Mounting a small quilt on a canvas

I’ve mounted a number of pieces on either painted canvas or fabric stretched over artist’s stretcher bars.  When I posted my piece for SAQA@20 recently, a friend asked if I could share how with her.  I decided it might be a good idea to share with EVERYone, so here goes.  Here is the SAQA@20 piece:

Bird of Paradise full shot

Bird of Paradise full shot

For this piece I purchased a primed canvas at my local art supply store (and how heavenly is it to LIVE near an art store…a real one, not a chain…. glorious!).

Here’s what I wrote to Debby, chatty and all:

  1. Buy canvas.  I take the finished (or nearly so) piece with me to the store to eyeball the right dimensions.  Make sure you leave enough space on edges that you can sew through canvas, not wood frame (otherwise it is E6000 glue time, and yes, I have done that too!) Canvas is usually primed (painted white).
  2. Mark the location of your work that will be mounted.  I placed mine, measured to make sure it was square/level and equidistant from the sides.  With a pencil, reach underneath the artwork and sketch a line, maybe an inch inside the edges of the piece.
  3. Find tissue paper-I actually happened to have a fairly old, tatty piece of acid-free tissue so used that, but I would just use plain old tissue paper if I had it.  Tear tissue into bits and “glue” to the surface, wrinkling and scrunching as desired.  I used Golden Mat Medium, but a Gel Medium or Mod Podge would work too as the “glue” with a sponge paintbrush.  The tissue will likely tear a bit–that’s OK.  I did NOT extend the tissue far under the location of the artwork… I went to about the pencil line.  Allow to dry–overnight if possible.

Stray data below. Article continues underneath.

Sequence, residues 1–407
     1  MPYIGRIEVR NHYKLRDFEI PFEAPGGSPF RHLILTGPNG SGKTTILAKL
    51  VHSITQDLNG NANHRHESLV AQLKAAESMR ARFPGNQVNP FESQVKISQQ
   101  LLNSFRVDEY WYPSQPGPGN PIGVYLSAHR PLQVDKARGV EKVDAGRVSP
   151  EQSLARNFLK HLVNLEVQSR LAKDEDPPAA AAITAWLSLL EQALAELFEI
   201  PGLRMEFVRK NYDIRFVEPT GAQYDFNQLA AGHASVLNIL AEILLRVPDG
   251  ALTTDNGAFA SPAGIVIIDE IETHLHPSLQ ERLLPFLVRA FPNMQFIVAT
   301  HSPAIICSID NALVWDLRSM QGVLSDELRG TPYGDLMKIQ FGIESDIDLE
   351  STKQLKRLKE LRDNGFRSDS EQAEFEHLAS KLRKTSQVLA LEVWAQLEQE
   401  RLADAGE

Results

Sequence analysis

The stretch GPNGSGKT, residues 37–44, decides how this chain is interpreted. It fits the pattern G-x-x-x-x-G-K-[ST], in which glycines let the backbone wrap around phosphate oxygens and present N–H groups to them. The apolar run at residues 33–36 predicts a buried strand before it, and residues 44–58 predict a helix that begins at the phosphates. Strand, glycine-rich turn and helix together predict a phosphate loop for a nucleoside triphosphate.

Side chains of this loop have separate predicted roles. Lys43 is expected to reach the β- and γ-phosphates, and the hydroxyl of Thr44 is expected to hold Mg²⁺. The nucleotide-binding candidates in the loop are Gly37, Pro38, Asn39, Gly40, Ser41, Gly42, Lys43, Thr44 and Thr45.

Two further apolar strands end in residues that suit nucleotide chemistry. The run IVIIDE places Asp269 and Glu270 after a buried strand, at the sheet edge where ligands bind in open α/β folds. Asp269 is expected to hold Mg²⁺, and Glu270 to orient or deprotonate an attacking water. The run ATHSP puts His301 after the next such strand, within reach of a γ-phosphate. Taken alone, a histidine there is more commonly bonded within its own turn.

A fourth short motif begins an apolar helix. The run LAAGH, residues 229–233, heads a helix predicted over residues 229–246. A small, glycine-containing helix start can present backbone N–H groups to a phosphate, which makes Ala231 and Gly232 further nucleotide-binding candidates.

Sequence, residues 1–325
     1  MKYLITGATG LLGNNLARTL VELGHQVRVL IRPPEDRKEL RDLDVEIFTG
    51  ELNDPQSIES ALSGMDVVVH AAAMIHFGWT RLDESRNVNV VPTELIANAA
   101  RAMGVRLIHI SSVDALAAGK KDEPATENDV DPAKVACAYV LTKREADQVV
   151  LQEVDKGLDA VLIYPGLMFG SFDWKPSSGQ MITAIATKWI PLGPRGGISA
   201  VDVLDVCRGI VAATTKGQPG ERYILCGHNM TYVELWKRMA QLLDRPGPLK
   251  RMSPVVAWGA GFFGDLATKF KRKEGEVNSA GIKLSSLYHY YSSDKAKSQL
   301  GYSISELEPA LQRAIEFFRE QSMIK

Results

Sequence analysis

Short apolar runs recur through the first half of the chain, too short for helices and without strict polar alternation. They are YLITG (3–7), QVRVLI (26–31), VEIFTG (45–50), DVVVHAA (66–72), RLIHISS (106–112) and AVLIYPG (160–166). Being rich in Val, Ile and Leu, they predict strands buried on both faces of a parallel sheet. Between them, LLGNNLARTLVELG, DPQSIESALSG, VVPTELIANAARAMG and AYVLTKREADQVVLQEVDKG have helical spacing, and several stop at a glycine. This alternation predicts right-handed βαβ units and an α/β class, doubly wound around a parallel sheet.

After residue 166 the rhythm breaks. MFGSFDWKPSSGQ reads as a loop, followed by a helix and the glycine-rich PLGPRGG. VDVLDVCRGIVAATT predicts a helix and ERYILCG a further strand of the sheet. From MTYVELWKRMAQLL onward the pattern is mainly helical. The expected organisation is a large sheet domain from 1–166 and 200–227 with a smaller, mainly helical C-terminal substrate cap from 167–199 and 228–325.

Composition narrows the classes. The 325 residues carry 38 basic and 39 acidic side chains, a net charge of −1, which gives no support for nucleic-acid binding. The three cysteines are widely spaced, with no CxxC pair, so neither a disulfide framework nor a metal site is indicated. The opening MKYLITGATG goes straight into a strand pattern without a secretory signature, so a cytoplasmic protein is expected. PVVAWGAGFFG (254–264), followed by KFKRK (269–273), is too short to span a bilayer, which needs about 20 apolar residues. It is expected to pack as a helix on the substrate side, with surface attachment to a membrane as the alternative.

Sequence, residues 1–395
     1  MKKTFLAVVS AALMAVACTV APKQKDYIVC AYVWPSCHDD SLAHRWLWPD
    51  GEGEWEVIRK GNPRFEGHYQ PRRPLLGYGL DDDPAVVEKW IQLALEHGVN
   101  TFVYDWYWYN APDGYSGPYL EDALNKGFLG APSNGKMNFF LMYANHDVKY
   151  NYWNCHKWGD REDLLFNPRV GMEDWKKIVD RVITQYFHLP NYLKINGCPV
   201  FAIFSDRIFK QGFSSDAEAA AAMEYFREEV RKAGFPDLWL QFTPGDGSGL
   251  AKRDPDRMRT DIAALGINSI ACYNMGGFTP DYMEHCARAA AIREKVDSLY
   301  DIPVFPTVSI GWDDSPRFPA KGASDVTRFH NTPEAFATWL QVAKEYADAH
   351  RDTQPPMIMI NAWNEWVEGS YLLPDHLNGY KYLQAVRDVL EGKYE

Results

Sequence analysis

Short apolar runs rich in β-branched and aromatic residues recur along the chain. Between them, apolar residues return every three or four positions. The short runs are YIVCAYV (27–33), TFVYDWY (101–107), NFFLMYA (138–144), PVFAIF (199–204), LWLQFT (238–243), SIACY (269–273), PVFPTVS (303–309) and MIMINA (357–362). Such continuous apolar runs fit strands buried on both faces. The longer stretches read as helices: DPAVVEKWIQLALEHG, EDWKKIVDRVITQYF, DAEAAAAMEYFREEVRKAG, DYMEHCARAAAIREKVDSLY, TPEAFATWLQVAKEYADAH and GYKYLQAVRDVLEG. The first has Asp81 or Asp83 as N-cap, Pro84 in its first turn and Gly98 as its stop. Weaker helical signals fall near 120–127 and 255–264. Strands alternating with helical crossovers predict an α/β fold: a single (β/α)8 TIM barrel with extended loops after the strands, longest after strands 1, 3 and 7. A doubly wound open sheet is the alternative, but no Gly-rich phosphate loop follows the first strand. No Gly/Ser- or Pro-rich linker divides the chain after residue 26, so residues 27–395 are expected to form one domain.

4. Paint.  I used a blue paint first, and it was WAY too blue.  You may need a brush (not sponge) brush to get into some of the tissue crevices.  Allow to dry to the touch.  Oh yeah… I happen to have on hand Golden Fluid Acrylics (available at www.dickblick.com) so I used those.  You could also use craft acrylics, but the pigment load per   ounce (or whatever measure you want) isn’t as much…in other words, there isn’t as much pigment.  You get better coverage and durability with artist acrylics, but they aren’t necessary (my Cappuccino series that are on the square canvases…check in the For Sale tab… were painted with craft acrylics).
  5. Paint a second layer of same color if you don’t want the white of the canvas to show through.
  6. As I mentioned, mine was way too blue, so using a sponge paintbrush, I added some green, which made it too green.  By the way, I tested on the area that would be under the artwork so if it was awful and I couldn’t clean it off, I wouldn’t ruin the canvas.  Then I took a wadded up paper towel and swiped.  For this one, I kept the swiping vertical, but it could be fun to do every which way, too.  That lifted some of the green, and thinned other parts of the green, which was kinda cool.
  7. It still wasn’t quite right.  Did the same thing using Raw Umber (or was it Raw Sienna?), a dark earthy brown.  I applied less paint, almost a dry-brush technique dusting the color here and there, then paper-toweling.